It is on the heels of this declaration by Jesus that we read of the even more severe nature of this conflict—it may happen even within one’s own family. Jesus assumes the natural love of one’s family as a premise and then moves to identify that as a lesser priority in life than love for him. When he says that a person who loves him less than their family is “not worthy” of me (v. 37), he is making a value claim upon himself as more important than them. To be “worthy of me” means to “be fit to be a disciple.” It is important to clarify that Jesus is not advocating that his disciples not love their families. Instead, he is simply stipulating that the value attachment of a person to their family must not exceed their value attachment to him. To be Jesus’ disciple is to prize him above even one’s own flesh and blood.

The implications of this statement are far reaching. Who would say that loving a brother, sister, child, or parent should be subservient to the love of another? But this is precisely the demand that Jesus is making of his disciples. It is a declaration of discipleship that calls for absolute devotion. This extreme requirement is extended as Jesus also says that those who would follow him must “take [up] their cross” (v. 38). This is an expression referring to being willing to self-identify and endure the shame and suffering of one who is crucified.

Jesus elaborates by uttering one of the most interesting paradoxes: Whoever finds his life will lose it, and whoever loses his life for my sake will find it (v. 39). In essence, Jesus is saying that the life that matters is the life that is lived for the sake of Christ. To take the road of self-denial and live for something other than one’s self is to “find life.”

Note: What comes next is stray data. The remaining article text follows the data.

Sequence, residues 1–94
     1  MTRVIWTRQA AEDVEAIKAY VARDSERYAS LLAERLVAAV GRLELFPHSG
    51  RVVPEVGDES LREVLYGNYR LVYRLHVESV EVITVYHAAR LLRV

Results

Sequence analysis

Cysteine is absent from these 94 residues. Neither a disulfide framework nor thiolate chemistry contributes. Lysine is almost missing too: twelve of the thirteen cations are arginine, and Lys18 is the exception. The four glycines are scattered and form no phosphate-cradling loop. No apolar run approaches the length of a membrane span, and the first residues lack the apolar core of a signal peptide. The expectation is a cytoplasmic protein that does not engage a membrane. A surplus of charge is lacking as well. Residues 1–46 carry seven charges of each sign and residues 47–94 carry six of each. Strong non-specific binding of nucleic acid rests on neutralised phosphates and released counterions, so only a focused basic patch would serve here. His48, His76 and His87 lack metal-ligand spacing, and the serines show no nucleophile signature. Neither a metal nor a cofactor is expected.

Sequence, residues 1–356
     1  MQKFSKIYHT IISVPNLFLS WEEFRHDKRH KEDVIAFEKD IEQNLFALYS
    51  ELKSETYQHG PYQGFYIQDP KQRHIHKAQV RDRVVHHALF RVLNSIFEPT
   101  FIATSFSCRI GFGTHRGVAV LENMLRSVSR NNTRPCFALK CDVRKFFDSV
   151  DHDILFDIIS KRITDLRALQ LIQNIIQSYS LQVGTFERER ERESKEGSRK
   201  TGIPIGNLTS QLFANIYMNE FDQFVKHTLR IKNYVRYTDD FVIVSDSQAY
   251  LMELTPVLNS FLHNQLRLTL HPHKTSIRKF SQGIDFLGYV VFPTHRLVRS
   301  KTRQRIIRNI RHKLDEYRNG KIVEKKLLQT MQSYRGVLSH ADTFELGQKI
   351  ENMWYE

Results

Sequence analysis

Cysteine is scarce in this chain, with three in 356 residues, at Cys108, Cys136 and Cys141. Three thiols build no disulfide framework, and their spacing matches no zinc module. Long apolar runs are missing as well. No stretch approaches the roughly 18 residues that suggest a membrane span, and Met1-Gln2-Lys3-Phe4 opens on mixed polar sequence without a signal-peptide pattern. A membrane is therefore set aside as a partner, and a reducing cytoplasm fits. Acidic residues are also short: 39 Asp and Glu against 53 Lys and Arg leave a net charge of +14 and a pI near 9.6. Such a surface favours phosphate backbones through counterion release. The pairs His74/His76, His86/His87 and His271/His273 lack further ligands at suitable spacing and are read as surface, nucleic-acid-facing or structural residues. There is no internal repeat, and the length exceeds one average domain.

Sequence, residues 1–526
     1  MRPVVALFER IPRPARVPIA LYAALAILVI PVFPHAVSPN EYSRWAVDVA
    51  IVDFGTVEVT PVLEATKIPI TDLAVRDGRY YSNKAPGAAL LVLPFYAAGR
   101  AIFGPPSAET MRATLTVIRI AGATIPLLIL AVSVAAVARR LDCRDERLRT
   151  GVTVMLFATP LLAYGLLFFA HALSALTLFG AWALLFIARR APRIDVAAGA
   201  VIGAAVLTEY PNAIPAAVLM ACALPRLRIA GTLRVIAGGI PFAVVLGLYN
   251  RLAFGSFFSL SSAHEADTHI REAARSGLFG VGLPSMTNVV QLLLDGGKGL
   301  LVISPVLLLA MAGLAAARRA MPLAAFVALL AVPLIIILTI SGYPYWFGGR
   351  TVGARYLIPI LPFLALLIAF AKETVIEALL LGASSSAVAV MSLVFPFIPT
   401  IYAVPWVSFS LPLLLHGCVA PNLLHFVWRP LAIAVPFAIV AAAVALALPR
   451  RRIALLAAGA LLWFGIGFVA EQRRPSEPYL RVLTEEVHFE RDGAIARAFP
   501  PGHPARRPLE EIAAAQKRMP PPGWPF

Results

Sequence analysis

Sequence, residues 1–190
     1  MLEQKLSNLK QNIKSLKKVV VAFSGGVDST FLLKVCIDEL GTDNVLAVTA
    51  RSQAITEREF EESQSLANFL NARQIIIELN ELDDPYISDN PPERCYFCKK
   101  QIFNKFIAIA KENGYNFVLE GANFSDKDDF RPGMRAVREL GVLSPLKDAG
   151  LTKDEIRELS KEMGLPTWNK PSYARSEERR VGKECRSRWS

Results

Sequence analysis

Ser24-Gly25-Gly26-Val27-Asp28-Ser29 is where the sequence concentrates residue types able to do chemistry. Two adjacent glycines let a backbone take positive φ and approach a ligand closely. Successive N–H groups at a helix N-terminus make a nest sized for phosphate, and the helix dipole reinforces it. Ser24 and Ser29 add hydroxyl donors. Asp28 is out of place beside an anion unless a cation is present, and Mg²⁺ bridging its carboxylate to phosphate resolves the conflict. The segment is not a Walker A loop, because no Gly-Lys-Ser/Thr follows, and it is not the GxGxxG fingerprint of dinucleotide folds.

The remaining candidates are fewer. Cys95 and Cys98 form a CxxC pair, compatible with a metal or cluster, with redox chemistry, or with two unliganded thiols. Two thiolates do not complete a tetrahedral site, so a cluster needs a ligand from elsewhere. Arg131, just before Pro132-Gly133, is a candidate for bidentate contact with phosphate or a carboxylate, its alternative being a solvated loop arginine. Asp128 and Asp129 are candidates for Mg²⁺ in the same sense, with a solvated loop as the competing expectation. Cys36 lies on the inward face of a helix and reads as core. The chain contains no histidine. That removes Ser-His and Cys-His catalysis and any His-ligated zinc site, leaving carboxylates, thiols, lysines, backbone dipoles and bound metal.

From these three criteria of discipleship, where do we find ourselves? Are we willing to follow Jesus no matter what? Does our love for him exceed our love for anything else? Are we willing to take up our cross? Are we will to die to self in order to find that which may truly be called “life”? Such a price is the price of being a disciple. Are we willing to pay that price? What might be stopping us from wholehearted devotion and service to the Master?

-Jerry Wierwille

 

Love Reaches Out

Matt 9 36

Matthew 9:10-13

And as Jesus reclined at table in the house, behold, many tax collectors and sinners came and were reclining with Jesus and his disciples. 11And when the Pharisees saw this, they said to his disciples, “Why does your teacher eat with tax collectors and sinners?” 12But when he heard it, he said, “Those who are well have no need of a physician, but those who are sick. 13Go and learn what this means: ‘I desire mercy, and not sacrifice.’ For I came not to call the righteous, but sinners.”

The scene that is set in this passage is one that is conspicuous in light of Jewish practices and expectations. The customary expression “behold” is used to invite the reader to give careful attention to what follows. Jesus is described as “reclining” with “many tax collectors and sinners” (v. 10). This is quite unusual from a Jewish perspective for a respectable rabbi like Jesus. A meal where an honored Jewish guest like Jesus was attending would not be typically filled with company of such disreputable people. Eating with “tax collectors and sinners” (who were considered unclean) was an outrageous occasion from a Pharisee’s perspective. But that is exactly the point that is being made—Jesus is unlike the Pharisees. A Pharisee wouldn’t be caught dead eating with these people, but Jesus is making a statement about the difference in character between him and the Pharisees.

Jesus uses the metaphor of being “sick” as a way to address the tax collectors and sinners (v. 12). The Pharisees were concerned with staying away from those they deemed “sick,” while Jesus demonstrates a deep concern for them. However, his desire to help those who are “sick” is taken as his approval of their lifestyle and condoning of their “sickness.” But this is exactly the opposite of Jesus’ intention. In a sharp rebuke, Jesus tells the Pharisees, “Go and learn” what it means when God said through the prophet Hosea, “I desire mercy, and not sacrifice” (v. 13; cf. Hos 6:6).

The prophet Hosea was seeking to exhort God’s people to show love and kindness. He described the superficial and hypocritical love of God’s people as being like “a morning cloud, like the dew that goes early away” (Hos 6:4). Jesus was telling the Pharisees that they were being like the people of Israel that Hosea was criticizing. Jesus was modeling how to show mercy and compassion for the outcasts of society rather than how the Pharisees who were demonstrating outright rejection and criticism of them.